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Monday, March 24, 2014

The Importance of Powerful Pitching

New freelancers sometimes focus on how to write for clients, overlooking the obvious--that before you can write for a client, you must have one. And that means knowing how to pitch. In fact, if you can't pitch new markets, you may as well forget about succeeding as a freelancer. So I was happy to talk with freelancer and writing instructor Anne Trubek, Professor at Oberlin College, Editor-in-Chief of Belt ( and Founder of The Thinking Writer, about this very topic. Our Q and A appears below.

Q: I think pitching is arguably the most important skill for a freelancer, especially a new one, to possess. Do you agree with this, and why or why not? 

A: Yes--not just because you need to pitch to get good assignments, but developing a good pitch is a great way to understand all the components of a story, from focus (what’s the subject line of the email pitch? can you focus your topic to a good subject line?) to structure (how will you describe the structure do in one sentence or two?), tone, research, etc. 

Q: I know that as a new freelancer, most of my pitches stunk—and were rejected. What common mistakes do you see writers making when they pitch? 

A: Agreed! It took me a very long period of trial and error to get good at pitching. 

Many writers don't have a clear enough focus or angle, haven’t done the proper research in advance, or lack any news hook or “timely” element. These were all things that I struggled with when I first pitching as well. 

Q: I have a four-paragarph template I use to pitch that includes a lead; a “why-write-it” section; a “nuts-and-bolts” section where I describe how I plan to approach the story; and an ISG (I’m-so-great), where I make the case for being THE writer for the story. Do you tend to use a template too? Why or why not? 

A: That is more or less the template I use, but I now tailor my pitches much more specifically to the publication. I also am writing shorter pitches lately: we run lots of editor Q & As  in all The Thinking Writer courses, and editors seem to prefer short, one to two paragraph (max) pitches now. Some of the information I used to always put in the initial pitch I now  communicate in a an email back and forth if the editor is interested. 

Q: Anne, I know you teach classes at The Thinking Writer. Tell me more about your classes, and how writers can benefit from them. And are they geared more toward new writers or more experienced ones?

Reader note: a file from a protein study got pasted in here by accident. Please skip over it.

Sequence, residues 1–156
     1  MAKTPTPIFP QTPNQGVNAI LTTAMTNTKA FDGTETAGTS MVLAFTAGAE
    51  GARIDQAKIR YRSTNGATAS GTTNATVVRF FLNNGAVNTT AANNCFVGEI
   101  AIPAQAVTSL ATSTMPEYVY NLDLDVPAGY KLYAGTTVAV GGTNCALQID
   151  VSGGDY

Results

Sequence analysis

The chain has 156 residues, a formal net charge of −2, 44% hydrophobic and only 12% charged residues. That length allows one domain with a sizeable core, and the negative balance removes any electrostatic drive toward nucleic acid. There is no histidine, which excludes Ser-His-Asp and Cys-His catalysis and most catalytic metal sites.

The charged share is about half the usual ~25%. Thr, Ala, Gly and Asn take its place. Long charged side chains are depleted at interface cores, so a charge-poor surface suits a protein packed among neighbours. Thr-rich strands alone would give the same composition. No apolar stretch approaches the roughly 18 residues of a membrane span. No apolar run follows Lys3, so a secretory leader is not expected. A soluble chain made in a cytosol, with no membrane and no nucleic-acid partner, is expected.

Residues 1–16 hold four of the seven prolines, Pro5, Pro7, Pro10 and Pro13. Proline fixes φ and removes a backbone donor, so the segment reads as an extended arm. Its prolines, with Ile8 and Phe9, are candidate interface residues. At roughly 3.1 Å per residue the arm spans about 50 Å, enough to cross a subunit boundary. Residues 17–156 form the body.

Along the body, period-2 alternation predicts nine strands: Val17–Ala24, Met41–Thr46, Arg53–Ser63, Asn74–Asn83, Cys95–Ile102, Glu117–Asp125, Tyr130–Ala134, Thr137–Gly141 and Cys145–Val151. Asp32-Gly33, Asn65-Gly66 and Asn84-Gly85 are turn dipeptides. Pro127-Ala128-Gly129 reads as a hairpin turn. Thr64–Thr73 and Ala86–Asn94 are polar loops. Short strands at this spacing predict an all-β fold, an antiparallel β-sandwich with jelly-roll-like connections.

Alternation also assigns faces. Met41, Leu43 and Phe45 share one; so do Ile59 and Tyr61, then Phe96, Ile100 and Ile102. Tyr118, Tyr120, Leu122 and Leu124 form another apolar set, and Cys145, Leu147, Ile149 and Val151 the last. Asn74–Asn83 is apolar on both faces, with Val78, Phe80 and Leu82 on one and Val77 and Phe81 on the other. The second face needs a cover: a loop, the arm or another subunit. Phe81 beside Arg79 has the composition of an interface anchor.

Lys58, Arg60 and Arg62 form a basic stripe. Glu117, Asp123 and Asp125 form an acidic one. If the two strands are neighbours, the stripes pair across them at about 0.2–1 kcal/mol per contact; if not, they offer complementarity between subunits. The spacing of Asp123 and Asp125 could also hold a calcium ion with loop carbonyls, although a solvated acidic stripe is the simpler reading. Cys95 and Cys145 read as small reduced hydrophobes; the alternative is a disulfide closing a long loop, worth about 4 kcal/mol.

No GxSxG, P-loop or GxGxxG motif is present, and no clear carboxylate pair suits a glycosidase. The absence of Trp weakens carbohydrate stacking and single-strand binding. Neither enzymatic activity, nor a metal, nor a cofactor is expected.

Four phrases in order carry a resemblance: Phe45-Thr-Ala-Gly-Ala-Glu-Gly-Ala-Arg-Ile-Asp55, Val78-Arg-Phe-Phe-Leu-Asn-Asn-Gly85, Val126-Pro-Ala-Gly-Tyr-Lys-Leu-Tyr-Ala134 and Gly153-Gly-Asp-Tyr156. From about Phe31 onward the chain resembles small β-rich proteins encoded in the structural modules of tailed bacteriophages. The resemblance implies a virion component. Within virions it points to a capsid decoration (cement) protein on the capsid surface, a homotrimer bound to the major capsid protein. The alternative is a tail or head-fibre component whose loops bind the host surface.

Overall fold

A: These classes began with two main groups of writers in mind: women (in response to the VIDA statistics about gender disparity in bylines), and academics who wanted to write for general audiences (because I was once exactly that!). But it has evolved over the 3 years The Thinking Writer has been around. Now I think the class ["How to Pitch and Submit"] is very well suited to freelancers with a smidgen of experience (enough so they know what “pitch” means--although we do walk through those terms in the class) and those with experience but who either want a way to help them get a lot of work done in those two weeks (say, write and submit an op-ed during the op-ed course, or pitch 4 book reviews during the book review course) or want to write for more “thinky” publications. For instance, last year a full-time experienced freelancer took the course because he wanted to work on cracking some dream markets--and he did! A pitch he worked on in the class became a feature for the Sunday New York Times Magazine just a month after class was over. 

Q: Anything else you think is critical about pitching that freelancers should know? 

A: Read! Read the publication you are pitching. I’m sure most folks have heard that advice before. Just a reminder ;) 

Q: Oh, tell me a bit about your background, and how you started teaching these kinds of classes for writers.  

A: I was once just a professor--I taught English at Oberlin College. About 10 years ago I decided I wanted to write for general audiences, and taught myself how to pitch, learn about publications, etc.  I loved doing it! So I left academia and became a freelancer. Then, when the VIDA statistics  came out showing gender disparity in bylines for “literary publications,” I decided to bring my teaching experience to bear on the freelance game, and started these classes in order to help women pitch those publications. Since then, The Thinking Writer has broadened: we now teach 3 different courses--How To Pitch, Writing About Books and Writing and Publishing Op-Eds and Commentaries. These days, I am also the editor of a magazine I started--Belt ( and so I now receive pitches from writers. And boy do they make lots of rookie mistakes! 

If you want to make fewer (or no!) rookie mistakes, be sure to check out classes at The Thinking Writer. And thanks again to Anne for today's Q and A!

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